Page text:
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Women's Periodicals and Print Culture in Britain, 1918-1939The Interwar Period$
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Catherine Clay, Maria DiCenzo, Barbara Green, and Fiona Hackney

Print publication date: 2018

Print ISBN-13: 9781474412537

Published to Edinburgh Scholarship Online: September 2018

DOI: 10.3366/edinburgh/9781474412537.001.0001

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PRINTED FROM EDINBURGH SCHOLARSHIP ONLINE (www.edinburgh.universitypressscholarship.com). (c) Copyright Edinburgh University Press, 2021. All Rights Reserved. An individual user may print out a PDF of a single chapter of a monograph in ESO for personal use.date: 28 September 2021

‘Dear Cinema Girls’: Girlhood, Picture-going, and the Interwar Film Magazine

‘Dear Cinema Girls’: Girlhood, Picture-going, and the Interwar Film Magazine

Chapter:
(p.103) 7 ‘Dear Cinema Girls’: Girlhood, Picture-going, and the Interwar Film Magazine
Source:
Women's Periodicals and Print Culture in Britain, 1918-1939
Author(s):

Lisa Stead

Publisher:
Edinburgh University Press
DOI:10.3366/edinburgh/9781474412537.003.0009

This chapter explores the role of the interwar British fan magazine in mediating ideas about modern British girlhood. Film periodicals invited readers into a complex and unstable network of film-inflected girlhoods in a period during which youthful femininity was defined more closely in relation to class and marital status than age, and in which representations of unmarried working girls and young wives had complex roles to play in defining national culture. The chapter suggests that reading the interwar film magazine is a distinct new way to re-read the narrative of ‘home and duty’, complicating a domestic ideal by offsetting more glamorous images and alternative possibilities of modern femininity against more conservative discourses on female identity. It argues that print cultures of film affected ideas about girlhood, class, and mass culture in this way, allowing their readers to simultaneously assign, test out, and in some ways re-write girls’ culturally ascribed domestic roles.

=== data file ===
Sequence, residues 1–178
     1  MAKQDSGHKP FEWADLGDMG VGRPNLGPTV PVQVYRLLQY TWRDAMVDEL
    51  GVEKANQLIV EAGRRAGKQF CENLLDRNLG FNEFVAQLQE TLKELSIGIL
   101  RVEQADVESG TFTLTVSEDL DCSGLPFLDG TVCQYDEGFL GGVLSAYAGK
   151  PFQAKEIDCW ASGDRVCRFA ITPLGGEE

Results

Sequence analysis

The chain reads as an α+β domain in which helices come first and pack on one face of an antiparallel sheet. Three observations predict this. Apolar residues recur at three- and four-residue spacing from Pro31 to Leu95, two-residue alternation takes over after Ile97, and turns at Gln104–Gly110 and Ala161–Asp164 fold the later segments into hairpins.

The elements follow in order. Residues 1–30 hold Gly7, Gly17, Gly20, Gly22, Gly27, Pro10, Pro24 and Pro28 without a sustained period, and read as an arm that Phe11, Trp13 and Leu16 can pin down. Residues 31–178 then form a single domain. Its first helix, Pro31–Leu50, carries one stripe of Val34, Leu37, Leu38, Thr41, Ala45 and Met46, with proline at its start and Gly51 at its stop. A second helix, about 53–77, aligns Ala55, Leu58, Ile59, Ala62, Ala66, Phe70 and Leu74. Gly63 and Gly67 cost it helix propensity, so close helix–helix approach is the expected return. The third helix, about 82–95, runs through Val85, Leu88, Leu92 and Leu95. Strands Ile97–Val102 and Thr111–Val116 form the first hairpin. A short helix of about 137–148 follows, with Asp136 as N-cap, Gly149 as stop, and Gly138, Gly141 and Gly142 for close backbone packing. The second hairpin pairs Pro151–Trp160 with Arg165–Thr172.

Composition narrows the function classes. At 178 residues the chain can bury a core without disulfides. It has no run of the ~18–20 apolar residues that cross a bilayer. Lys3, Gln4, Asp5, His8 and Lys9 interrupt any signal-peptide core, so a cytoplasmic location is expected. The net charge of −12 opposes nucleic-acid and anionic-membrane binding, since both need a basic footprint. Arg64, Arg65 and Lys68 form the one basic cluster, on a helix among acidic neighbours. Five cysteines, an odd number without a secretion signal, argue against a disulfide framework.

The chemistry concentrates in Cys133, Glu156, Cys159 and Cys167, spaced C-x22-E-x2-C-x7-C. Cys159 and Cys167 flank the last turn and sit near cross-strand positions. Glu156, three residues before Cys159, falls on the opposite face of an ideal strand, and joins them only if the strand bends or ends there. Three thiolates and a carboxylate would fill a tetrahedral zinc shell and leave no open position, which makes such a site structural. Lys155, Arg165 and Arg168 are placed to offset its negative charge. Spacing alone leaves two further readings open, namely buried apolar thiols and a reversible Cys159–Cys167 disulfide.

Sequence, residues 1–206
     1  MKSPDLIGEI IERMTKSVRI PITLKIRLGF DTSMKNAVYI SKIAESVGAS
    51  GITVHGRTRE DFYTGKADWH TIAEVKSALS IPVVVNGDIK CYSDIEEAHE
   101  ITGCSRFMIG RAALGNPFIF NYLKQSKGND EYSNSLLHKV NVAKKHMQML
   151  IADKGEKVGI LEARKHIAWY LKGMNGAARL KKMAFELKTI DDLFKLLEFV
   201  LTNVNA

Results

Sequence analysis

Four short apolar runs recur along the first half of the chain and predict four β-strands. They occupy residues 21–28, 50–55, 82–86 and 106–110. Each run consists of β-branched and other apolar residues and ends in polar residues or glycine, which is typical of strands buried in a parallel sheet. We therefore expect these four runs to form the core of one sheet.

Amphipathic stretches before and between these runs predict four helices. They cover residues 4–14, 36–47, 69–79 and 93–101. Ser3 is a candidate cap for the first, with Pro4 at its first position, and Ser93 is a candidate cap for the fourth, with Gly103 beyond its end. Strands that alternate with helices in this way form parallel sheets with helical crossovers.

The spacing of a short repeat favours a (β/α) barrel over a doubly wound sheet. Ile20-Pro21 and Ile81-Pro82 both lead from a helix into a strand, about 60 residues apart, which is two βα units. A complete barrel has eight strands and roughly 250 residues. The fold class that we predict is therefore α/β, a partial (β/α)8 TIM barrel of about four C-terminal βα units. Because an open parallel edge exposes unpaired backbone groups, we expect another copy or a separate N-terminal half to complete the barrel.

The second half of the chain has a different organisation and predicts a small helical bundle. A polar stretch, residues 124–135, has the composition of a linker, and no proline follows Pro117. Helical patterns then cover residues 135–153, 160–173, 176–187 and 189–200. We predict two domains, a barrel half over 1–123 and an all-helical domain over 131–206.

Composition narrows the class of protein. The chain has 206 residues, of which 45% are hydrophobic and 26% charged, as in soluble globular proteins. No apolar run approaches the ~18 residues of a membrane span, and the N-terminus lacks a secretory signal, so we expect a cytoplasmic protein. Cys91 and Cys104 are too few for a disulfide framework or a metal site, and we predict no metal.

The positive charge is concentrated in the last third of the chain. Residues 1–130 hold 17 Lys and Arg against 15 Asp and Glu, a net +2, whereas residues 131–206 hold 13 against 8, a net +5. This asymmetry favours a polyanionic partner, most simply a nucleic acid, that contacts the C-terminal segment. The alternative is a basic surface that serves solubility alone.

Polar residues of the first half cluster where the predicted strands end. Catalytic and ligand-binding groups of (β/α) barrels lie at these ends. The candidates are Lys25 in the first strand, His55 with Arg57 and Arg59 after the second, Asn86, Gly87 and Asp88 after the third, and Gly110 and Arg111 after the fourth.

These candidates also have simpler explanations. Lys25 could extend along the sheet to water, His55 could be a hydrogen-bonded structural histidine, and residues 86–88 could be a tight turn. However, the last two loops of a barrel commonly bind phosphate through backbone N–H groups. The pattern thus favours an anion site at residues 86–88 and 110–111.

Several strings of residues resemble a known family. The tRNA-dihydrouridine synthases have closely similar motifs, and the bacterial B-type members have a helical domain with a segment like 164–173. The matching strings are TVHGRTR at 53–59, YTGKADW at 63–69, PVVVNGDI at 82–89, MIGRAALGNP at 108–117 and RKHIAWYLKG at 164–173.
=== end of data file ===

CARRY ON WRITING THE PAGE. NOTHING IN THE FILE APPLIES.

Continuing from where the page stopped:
Keywords:   film magazine, fan magazine, girlhood, femininity, class, mass culture, domestic

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